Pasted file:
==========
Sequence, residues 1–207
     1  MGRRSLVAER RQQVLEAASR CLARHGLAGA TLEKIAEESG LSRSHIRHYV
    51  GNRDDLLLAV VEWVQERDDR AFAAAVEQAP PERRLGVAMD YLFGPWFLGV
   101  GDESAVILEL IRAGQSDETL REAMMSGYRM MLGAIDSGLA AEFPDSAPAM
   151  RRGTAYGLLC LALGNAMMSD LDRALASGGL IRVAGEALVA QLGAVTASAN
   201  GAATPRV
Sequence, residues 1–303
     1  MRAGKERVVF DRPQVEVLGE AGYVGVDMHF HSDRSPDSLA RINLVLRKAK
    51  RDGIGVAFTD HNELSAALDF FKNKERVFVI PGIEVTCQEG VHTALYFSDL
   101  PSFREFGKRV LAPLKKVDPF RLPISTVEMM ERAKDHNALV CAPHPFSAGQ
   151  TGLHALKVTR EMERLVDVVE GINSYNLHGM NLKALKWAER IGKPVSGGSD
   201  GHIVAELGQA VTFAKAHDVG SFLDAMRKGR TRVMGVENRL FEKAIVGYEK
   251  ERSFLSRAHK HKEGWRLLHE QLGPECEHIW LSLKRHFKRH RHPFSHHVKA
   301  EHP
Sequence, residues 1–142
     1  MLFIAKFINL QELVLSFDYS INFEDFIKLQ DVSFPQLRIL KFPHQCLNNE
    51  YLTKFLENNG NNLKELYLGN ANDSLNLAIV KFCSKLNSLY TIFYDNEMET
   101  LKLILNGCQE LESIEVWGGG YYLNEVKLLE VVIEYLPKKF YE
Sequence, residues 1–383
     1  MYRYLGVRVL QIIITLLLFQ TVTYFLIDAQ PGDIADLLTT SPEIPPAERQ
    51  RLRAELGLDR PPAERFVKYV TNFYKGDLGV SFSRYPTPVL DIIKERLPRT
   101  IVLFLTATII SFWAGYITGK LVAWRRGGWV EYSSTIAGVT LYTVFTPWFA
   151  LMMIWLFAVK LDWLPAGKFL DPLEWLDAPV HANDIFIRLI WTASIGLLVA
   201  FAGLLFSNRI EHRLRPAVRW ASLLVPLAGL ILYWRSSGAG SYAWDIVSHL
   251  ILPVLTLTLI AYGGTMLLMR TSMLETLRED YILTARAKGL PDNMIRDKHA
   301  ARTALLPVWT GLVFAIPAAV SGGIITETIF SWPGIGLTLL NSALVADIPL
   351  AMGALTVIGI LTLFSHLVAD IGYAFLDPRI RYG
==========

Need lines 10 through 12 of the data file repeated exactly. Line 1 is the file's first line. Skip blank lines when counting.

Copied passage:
   101  PSFREFGKRV LAPLKKVDPF RLPISTVEMM ERAKDHNALV CAPHPFSAGQ
   151  TGLHALKVTR EMERLVDVVE GINSYNLHGM NLKALKWAER IGKPVSGGSD
   201  GHIVAELGQA VTFAKAHDVG SFLDAMRKGR TRVMGVENRL FEKAIVGYEK